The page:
‘Powell let us down’

Thursday, 1 August 2019
Adelaide, Australia
By Bernd Struben

  • More bad news please
  • $22 billion of Aussie gold

Well that was anticlimactic.

Investors had priced in a 100% likelihood of the US Fed cutting rates by 0.25%. And at 2pm EDT yesterday the Fed delivered just that.

This brings the US cash rate down to 2.25%. And it marks the first rate cut by the world’s most watched central bank in almost 11 years. The last cut was delivered in December 2008, during the height of the global financial meltdown. That one took the official US rate down to 0.25%.

Yesterday’s was delivered with the US economy growing at an annual rate of 2.2%. And unemployment figures at 50 year lows. (Just saying…)

Investors in US stocks applauded the widely expected 0.25% rate cut by stampeding for the exits.

The NASDAQ, S&P 500 and Dow Jones all sold off heavily.

Have a look at the one-day chart for the Dow below:



chart image
Source: Google Finance
Click to enlarge

I’ve marked 2pm, when Fed Chairman Jerome Powell issued his proclamation. You can see US President Donald Trump wasn’t alone in his disappointment.

In the final two hours of trading the Dow lost 1.29%. That’s what happens when a small rate cut is viewed as a certainty while investors are not so secretly hoping for a larger reduction.

In what should have been further positive news for the markets, the Fed also confirmed it was halting its quantitative tightening policies two month earlier than planned. Meaning, the central bank will hold onto its US$3.8 trillion asset portfolio.

And the bank left the door open for additional cuts…if needed.

The official Fed statement noted it ‘will continue to monitor the implications of incoming information for the economic outlook and will act as appropriate to sustain the expansion’.

But that bit of ‘good’ news was overshadowed when Powell threw cold water on hopes this would be the first of many rate cuts ahead. In a statement following the official announcement, Powell called yesterday’s rate cut a ‘midcycle adjustment to policy’.

He continued:

What I said was it’s not the beginning of a long series of rate cuts… When you think about rate-cutting cycles, they go on for a long time and the committee’s not seeing that… You would do that if you saw real economic weakness and you thought that the federal funds rate needed to be cut a lot. That’s not what we’re seeing.’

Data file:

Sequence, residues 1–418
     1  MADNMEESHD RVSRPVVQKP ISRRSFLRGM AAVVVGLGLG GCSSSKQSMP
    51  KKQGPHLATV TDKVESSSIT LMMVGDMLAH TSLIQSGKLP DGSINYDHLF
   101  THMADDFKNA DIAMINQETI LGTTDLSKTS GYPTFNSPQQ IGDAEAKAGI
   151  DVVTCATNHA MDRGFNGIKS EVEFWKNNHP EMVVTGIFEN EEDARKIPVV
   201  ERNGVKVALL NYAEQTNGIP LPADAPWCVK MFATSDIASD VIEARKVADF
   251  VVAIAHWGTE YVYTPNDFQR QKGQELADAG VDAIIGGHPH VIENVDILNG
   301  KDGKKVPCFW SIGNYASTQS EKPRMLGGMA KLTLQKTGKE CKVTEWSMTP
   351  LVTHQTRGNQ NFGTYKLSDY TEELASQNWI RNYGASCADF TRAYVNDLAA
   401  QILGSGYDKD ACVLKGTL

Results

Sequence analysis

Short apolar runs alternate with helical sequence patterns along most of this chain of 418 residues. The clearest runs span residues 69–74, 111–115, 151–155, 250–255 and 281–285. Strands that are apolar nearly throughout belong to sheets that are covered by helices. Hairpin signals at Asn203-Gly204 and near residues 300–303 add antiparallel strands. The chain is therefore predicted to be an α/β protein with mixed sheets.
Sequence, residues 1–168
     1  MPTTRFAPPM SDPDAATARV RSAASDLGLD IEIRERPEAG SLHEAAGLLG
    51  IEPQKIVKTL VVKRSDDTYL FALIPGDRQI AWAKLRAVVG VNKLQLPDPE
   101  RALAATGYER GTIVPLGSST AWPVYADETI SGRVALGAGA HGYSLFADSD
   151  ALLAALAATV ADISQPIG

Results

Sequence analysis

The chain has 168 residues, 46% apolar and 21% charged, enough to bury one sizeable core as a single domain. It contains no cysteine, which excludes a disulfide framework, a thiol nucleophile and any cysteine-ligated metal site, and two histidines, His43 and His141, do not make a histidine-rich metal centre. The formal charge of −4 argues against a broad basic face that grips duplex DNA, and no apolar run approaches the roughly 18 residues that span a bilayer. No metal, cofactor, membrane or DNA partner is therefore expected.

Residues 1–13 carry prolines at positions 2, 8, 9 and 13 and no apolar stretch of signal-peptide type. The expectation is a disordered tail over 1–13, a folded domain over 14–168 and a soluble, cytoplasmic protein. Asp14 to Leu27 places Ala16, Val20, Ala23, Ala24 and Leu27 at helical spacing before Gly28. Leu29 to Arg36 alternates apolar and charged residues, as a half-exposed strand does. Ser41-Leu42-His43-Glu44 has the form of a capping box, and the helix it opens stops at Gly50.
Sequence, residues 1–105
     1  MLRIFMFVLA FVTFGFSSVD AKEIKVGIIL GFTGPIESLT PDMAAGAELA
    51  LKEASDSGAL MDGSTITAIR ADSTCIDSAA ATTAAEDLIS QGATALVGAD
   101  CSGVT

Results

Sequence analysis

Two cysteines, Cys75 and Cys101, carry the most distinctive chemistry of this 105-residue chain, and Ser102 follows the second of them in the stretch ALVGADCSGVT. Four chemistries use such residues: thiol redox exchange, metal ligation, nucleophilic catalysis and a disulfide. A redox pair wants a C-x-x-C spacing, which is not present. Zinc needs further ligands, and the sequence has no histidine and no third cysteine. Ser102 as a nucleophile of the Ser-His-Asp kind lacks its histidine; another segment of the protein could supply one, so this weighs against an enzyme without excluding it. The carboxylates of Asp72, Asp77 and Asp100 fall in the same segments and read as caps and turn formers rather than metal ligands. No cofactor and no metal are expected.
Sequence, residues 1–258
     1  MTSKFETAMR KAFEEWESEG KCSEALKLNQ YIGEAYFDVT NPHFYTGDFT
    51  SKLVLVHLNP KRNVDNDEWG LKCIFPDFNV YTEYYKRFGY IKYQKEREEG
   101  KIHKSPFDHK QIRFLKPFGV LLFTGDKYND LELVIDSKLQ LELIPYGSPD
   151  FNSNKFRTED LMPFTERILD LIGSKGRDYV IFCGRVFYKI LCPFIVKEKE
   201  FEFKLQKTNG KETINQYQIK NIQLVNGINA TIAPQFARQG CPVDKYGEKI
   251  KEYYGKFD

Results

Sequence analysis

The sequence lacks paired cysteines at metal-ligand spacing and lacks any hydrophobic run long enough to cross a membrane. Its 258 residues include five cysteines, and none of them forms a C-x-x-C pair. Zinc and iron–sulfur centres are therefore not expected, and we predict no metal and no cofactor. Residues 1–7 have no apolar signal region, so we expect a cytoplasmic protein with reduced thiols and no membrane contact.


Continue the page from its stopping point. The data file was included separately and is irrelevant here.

Good heavens!

The banker-in-chief says he’s not seeing any real economic weakness in the world’s largest economy. In our brave new world, where bad news is good news for equites, you can see why investors panicked.

But I think they overreacted. Trump, after all, has their back.

Here are the tweets he sent out shortly after the Fed’s announcement:



chart image
Source: Twitter
Click to enlarge



chart image
Source: Twitter
Click to enlarge

But he wasn’t done yet. Having had three hours to think about it, here’s what Trump tweeted an hour ago (at time of writing):



chart image
Source: Twitter
Click to enlarge

Pity poor Powell.

He so wants to be seen as acting independently. But when he does move to cut rates again — and he almost certainly will this year — it’s no secret who’ll be working his strings.

Trump will pull out all the stops to ensure the stock markets are humming along and the economy appears sound in the leadup to the November 2020 presidential elections. And when Trump huffs and puffs hard enough, Powell will bend with the wind.

Now a look at those manipulated markets…

Markets

Overnight, the Dow Jones Industrial Average closed down 333.75 points, or 1.23%.

The S&P 500 closed down 32.80 points, or 1.09%.

In Europe the Euro Stoxx 50 index finished up 4.00 points, or 0.12%. Meanwhile, the FTSE 100 fell 0.78%, and Germany’s DAX closed up 41.80 points, or 0.34%.

In Asian markets Japan’s Nikkei 225 is down 22.82 points, or 0.11%. China’s CSI 300 is down 0.82%.